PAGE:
“We’re seeing a lot of companies moving to pay their executives in performance shares — stocks that come with certain metrics that executives have to meet,” McGoldrick said. “It’s nice that the stock market is improving, but even aside from that, a lot of companies are moving toward stocks to show shareholders that they’re linking compensation to performance.”
At some area companies, executive pay closely mirrored the firm’s broader trajectory. Cardinal Financial chief executive Bernard H. Clineburg (No. 69), for example, received a 53 percent boost in pay to coincide with a 62 percent increase in profits.
At Washington Real Estate Investment Trust, both the company’s profits and the chief executive’s pay fell by more than 70 percent. George F. McKenzie (No. 76) was paid $1.06 million last year — down from $3.93 million the year before (when he was ranked 31) as the company’s annual profits fell to $23.71 million from $105.38 million in the same period.
Not all firms have managed to align pay with performance. David Schaeffer (No. 9), founder and chief executive of Cogent Communications, received $8.75 million last year — more than five-fold the $1.69 million he made in 2011 — even as the company posted a $4.25 million loss.
Schaeffer’s pay package was rejected by nearly 60 percent of the company’s shareholders in April, making it the second time the company failed say-on-pay. (The first came in 2011).
Cogent did not return calls seeking comment. The company explained Schaeffer’s pay package, which included $8.41 million in stock awards, in a proxy statement filed earlier this year.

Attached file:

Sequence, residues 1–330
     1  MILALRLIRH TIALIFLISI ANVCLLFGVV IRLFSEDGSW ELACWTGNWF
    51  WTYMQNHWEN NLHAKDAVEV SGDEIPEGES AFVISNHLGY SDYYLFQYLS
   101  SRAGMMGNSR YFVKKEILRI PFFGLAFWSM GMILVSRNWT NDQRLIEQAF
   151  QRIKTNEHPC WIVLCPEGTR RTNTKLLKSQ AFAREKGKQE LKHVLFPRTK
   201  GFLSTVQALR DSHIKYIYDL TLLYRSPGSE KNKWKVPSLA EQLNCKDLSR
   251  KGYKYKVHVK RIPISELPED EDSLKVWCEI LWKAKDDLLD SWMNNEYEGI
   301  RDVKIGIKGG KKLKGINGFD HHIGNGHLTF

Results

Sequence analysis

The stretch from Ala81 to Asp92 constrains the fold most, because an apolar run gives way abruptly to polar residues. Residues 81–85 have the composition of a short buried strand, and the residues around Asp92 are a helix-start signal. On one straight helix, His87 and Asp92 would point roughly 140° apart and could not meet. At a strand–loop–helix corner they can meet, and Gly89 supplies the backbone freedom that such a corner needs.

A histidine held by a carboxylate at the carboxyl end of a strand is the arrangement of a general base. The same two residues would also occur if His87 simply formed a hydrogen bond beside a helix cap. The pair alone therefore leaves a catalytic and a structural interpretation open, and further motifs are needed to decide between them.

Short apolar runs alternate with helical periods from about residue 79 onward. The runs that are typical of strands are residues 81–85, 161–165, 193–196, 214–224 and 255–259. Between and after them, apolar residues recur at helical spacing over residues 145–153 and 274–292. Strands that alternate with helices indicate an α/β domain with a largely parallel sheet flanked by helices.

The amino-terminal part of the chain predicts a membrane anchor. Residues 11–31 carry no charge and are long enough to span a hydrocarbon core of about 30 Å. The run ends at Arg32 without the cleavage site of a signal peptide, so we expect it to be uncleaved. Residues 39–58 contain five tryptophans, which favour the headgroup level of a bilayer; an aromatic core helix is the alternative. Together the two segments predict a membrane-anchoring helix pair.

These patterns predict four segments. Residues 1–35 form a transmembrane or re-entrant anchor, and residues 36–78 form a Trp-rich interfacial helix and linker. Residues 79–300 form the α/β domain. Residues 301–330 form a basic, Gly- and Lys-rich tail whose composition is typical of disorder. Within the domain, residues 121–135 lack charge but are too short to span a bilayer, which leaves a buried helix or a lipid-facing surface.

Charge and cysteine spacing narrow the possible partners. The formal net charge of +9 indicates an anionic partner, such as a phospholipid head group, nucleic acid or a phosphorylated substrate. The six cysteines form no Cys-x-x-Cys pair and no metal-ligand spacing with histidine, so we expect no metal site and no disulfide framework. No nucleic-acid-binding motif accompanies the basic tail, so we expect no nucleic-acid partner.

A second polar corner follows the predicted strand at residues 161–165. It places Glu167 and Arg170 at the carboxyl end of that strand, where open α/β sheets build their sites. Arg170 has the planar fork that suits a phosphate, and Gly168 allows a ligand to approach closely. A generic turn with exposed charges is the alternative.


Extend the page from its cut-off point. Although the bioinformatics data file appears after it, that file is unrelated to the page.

“The method of compensation decision making employed by the company does not lend itself to extensive analytical and quantitative disclosure,” the company said. “Most of the analysis that goes into compensation determinations is simply the subjective business judgment of the company’s CEO and the board of directors.”
There is debate about exactly how much progress has been made in regulating executive pay, which has been under increased scrutiny since the economic downturn. The House of Representatives in June voted to repeal a proposed rule that would require companies to report the difference in pay between their chief executive and average worker.
“The gap between the average American and the highly paid is widening, so this issue becomes bigger and bigger,” said Alan M. Johnson, managing director of Johnson Associates, a compensation consulting firm. “What we’re seeing is that the reduction in perks continues. Excessive severance, excessive contracts, excessive retirement benefits have been scaled back significantly.”
Seventeen of the 89 highest-paid executives received bonuses last year, down from 27 the year before, reflecting a broader move away from discretionary payouts. Jay L. Johnson (No. 5), chairman and chief executive of General Dynamics, walked away with the second-biggest bonus, valued at $3.6 million — roughly 20 percent of his overall package.
Seven executives on this year’s list received more than double what they did the year before. Among them: Robert S. Silberman (No. 41) of Strayer Education, whose pay package increased 413 percent; Richard J. Hendrix of the investment firm FBR, up 241 percent; and Martine A. Rothblatt (No. 28), CEO of drugmaker United Therapeutics, up 185 percent.
In the coming year, analysts say they expect investors to continue to ask more questions about exactly how companies are quantifying an executive’s performance.
“The next frontier is looking at how stringent the goals actually are,” said McGoldrick of Equilar. “Rigor in performance metrics is certainly something that’s getting a lot more attention. It’s easy to pay executives based on metrics but if the bar isn’t set high and it’s something they can easily exceed, you’re really not tying compensation to the company’s performance.”